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Survey Remover V4.7

We assessed content validity using a modified Delphi process with science (n=18) and practice-based (n=16) experts. Next, we refined the survey based on input from science- and practice-based experts, cognitive response testing, and item analysis of extant survey data. Field testing of the refined survey involved community stakeholders in Greenville County, South Carolina (n=50), East Boston, Massachusetts (n=30), and Tucson, Arizona (n=84) between 2019 and 2020. Construct validity was assessed with confirmatory factor analysis (CFA). Two-week test-retest reliability was assessed among a subsample of 14 paired respondents in South Carolina.

Survey remover v4.7


For both expert groups, we recruited participants by email and/or telephone starting approximately 1.5 months in advance of the pre-determined session dates to avoid scheduling conflicts. Upon recruitment, participants in both groups were provided a description of the Stakeholder-driven Community Diffusion theory and referred to our prior survey development publication [5] for additional information. Participants were offered a gift card for their participation and were sent a summary report following completion of data collection.

For most questions, the proprietary platform allowed participants to compare their responses to that of the group by displaying individual responses on the screen anonymously in real time (apart from sociodemographic questions that could compromise anonymity). We used this approach, rather than a traditional Delphi method [13], to reduce participant burden and avoid attrition across multiple rounds of surveys.

We refined the beta prototype (v2) survey with information from three sources: (i) survey cognitive response testing, (ii) previously collected beta prototype knowledge and engagement survey data, and (iii) findings from the content validity assessment. Through this refinement process, we also had an eye toward decreasing participant burden by abbreviating the knowledge and engagement scales.

Survey refinement was also informed by knowledge and engagement data collected prospectively with the beta prototype (v2) survey [5] in Somerville, Massachusetts [6] and Cuyahoga County, Ohio, between 2015 and 2019. Manuscripts describing knowledge and engagement results in these communities are forthcoming. We examined meanSD responses of the 18 knowledge items and 25 engagement items from a total of 300 observations in Somerville and 239 observations in Cuyahoga County. Observations were stratified by community and measurement period. We reviewed items using the following criteria derived from extant measurement research [15,16,17,18,19]:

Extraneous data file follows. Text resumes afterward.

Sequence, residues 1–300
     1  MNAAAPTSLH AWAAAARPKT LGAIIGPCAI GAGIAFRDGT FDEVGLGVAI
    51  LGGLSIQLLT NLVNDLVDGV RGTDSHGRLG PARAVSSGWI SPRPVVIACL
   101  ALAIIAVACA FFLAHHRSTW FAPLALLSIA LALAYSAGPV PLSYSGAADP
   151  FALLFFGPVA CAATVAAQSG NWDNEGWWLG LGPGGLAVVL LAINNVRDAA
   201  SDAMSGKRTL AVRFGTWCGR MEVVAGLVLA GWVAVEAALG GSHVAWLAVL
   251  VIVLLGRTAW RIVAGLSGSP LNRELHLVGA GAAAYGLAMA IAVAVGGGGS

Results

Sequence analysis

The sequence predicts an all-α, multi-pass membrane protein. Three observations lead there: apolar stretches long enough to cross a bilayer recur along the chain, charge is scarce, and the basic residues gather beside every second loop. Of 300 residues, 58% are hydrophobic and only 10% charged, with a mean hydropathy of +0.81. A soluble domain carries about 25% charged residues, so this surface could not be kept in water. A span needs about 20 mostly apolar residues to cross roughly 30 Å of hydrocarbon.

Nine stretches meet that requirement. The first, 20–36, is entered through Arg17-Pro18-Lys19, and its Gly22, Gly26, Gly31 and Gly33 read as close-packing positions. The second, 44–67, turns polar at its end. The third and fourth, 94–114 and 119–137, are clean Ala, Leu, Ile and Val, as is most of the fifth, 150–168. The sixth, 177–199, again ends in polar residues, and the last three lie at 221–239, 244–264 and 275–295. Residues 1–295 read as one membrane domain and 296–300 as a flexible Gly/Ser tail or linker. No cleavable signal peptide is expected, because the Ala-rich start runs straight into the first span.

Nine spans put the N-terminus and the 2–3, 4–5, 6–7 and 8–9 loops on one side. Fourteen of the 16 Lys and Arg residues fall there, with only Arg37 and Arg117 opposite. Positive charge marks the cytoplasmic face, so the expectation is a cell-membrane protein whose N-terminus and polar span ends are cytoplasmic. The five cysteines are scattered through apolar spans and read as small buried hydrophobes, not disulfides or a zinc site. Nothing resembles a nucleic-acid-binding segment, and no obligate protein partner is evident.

Using findings from the content validity assessment, we considered the addition of new measurement constructs (distinct from knowledge and engagement), new domains within knowledge and engagement, and new survey items that fit within existing constructs (when possible, adapted from existing measures) for the refined release candidate (v3) survey. We prioritized concepts salient to both science- and practice-based experts. We also considered concepts salient to one expert group if it was reported by multiple participants and/or rated highly. All considered additions were reviewed by the research team and corroborated with the literature on childhood obesity prevention, community engagement, and related fields.

Additional File 1 includes annotated knowledge and engagement measures with documented changes to the beta prototype (v2) survey during the refinement process, resulting in the release candidate (v3) used in the field test (described below).

In our prior work, knowledge and engagement concepts were conceived, vetted, and pilot-tested by an international team of investigators with deep expertise in whole-of-community childhood obesity prevention interventions [5]. However, through the content validity assessments in the current study, we took an important next step in incorporating a broader range of expertise from both researcher and practitioner perspectives. Participants in both expert groups gave strong ratings of the existing knowledge and engagement domains, contributing to our confidence that the scales reflect important stakeholder characteristics that might help catalyze community change. Yet beyond this confirmatory finding, the assessments yielded key additions to our knowledge and engagement measures that span concepts like systems approaches, social determinants of health, inclusivity, shared decision-making power, and shared community ownership. With these changes, we believe that the revised survey instrument will have greater resonance with its users and reflect critical, up-to-date focal points of what might be required to address childhood obesity at the community-level.

The modified knowledge and engagement scales demonstrated strong reliability characteristics, with multiple indicators exceeding those reported from our prior testing with the beta prototype (v2) survey [5]. Internal scale consistency improved for all knowledge subscales (e.g., for intervention factors, from α=0.58 previously to α=0.87 in our current study). Engagement internal scale consistency was high in both studies; however, we observed stronger 2-week test-retest agreement for each engagement subscale score (e.g., for influence & power, from ICC=0.55 and 13% within-subject variation to ICC=0.95 and 7% within-subject variation).


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